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Economist: Anyone who thinks it is worth paying extra for a CEO with charisma should think again. A new study[1] by three academics from the University of Pittsburgh and one (Mr Sonnenfeld) from Yale argues that boards of directors “need to be cautious when considering the potential benefits of charismatic leaders”. The study suggests that the relationship between a boss’s charisma and his company’s performance may be influenced by the so-called “halo effect”. The better a company’s performance, the more inclined its stakeholders are to perceive its boss as charismatic. The report finds that CEO charisma bears little or no relationship to a company’s future performance.

But what is charisma, you may ask. Surely one man’s charismatic leader may be another’s buffoon? The authors say such a leader must be: dynamic; a good example; show concern and respect for others; have high expectations; and be willing to take personal risks. Some may think charisma implies more than that—a little indefinable extra perhaps, a personal chemistry that persuades people to follow, through thick and thin. [Source]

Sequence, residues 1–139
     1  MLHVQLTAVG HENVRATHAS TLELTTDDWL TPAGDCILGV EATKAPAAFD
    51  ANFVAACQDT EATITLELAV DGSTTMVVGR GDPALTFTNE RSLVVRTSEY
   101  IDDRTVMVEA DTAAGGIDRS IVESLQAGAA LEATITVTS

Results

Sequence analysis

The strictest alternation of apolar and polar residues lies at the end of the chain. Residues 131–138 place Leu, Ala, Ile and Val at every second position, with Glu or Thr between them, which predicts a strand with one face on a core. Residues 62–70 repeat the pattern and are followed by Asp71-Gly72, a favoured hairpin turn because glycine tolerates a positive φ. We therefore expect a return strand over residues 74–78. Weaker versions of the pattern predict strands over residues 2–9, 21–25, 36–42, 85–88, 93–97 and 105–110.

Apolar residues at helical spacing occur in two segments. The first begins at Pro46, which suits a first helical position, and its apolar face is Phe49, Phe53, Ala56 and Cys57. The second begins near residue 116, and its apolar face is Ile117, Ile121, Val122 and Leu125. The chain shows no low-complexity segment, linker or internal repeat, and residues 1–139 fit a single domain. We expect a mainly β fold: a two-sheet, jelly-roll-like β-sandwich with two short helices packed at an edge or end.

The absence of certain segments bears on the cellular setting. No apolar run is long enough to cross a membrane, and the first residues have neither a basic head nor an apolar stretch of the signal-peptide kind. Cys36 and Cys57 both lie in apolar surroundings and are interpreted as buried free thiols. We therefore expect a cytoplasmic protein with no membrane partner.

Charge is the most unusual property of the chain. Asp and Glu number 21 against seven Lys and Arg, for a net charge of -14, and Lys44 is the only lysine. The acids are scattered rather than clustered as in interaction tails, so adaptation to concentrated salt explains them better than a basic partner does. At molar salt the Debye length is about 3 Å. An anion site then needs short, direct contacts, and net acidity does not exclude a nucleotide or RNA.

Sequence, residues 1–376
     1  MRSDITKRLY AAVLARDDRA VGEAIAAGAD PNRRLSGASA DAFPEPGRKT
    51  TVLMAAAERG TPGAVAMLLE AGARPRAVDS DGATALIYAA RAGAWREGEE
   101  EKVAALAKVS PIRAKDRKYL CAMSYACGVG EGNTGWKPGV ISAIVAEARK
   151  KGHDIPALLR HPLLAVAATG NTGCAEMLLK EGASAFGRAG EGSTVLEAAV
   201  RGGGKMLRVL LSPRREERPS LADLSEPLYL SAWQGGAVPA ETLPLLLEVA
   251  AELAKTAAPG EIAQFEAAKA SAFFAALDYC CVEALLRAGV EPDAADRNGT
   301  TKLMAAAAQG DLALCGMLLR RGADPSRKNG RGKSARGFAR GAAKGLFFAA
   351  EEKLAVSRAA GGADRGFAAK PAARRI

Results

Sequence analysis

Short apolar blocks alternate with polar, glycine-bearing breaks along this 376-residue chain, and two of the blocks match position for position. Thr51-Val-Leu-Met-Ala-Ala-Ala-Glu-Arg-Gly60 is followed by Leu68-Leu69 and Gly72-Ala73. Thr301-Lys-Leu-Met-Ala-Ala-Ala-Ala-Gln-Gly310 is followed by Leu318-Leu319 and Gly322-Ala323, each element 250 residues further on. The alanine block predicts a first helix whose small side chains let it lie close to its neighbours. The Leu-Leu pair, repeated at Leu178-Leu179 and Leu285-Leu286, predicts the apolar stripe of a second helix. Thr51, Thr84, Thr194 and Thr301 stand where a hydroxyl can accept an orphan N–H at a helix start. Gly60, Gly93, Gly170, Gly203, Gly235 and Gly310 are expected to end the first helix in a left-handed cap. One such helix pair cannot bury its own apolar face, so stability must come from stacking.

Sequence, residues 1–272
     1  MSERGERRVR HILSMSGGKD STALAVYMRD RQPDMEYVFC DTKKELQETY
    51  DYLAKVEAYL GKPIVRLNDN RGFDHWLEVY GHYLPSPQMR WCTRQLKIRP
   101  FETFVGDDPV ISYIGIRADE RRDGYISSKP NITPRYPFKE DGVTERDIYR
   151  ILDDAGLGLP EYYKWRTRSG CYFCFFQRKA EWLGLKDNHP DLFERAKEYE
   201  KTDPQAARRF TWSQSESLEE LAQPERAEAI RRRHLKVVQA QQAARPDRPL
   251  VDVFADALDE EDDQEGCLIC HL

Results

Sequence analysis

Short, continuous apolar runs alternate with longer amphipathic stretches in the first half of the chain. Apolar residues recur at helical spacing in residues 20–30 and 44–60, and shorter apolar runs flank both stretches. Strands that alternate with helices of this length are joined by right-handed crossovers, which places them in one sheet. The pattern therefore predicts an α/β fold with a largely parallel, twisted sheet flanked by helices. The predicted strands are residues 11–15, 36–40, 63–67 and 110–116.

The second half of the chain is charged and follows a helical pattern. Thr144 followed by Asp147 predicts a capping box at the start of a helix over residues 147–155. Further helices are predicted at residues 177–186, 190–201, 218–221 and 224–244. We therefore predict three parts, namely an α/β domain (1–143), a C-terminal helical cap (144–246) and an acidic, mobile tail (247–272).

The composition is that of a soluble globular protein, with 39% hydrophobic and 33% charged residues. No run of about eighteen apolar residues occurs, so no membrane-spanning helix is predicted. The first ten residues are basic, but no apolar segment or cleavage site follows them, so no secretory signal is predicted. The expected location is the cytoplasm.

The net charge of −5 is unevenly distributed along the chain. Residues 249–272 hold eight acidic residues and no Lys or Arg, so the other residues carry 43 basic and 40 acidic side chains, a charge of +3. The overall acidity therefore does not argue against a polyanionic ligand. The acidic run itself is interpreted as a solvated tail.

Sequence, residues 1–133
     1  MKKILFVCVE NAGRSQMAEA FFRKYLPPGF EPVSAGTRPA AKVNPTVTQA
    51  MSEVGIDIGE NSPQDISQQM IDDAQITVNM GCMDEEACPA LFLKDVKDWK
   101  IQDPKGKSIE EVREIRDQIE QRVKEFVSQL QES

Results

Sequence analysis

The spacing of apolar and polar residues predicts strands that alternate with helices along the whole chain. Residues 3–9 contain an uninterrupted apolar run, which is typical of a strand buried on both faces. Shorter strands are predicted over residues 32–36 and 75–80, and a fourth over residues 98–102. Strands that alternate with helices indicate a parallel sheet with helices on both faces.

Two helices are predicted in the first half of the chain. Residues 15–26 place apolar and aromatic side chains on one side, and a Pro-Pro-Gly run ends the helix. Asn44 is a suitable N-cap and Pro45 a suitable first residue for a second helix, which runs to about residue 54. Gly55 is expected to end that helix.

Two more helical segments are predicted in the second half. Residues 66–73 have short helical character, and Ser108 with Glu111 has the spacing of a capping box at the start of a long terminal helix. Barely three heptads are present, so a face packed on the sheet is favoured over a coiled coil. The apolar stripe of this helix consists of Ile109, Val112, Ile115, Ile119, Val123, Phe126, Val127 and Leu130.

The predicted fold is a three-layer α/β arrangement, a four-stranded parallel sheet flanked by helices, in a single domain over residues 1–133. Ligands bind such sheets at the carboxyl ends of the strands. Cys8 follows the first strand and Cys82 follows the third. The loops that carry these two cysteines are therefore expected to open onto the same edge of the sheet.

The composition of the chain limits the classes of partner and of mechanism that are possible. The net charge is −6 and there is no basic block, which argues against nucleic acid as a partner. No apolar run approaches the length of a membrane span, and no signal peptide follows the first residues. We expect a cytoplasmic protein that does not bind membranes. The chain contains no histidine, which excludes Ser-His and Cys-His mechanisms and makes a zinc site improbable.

[1] “Does CEO Charisma Matter? An Empirical Analysis of the Relationships Among Organisational Performance, Environmental Uncertainty and Top Management Team Perception of CEO Charisma”, Agle et al., Academy of Management Journal

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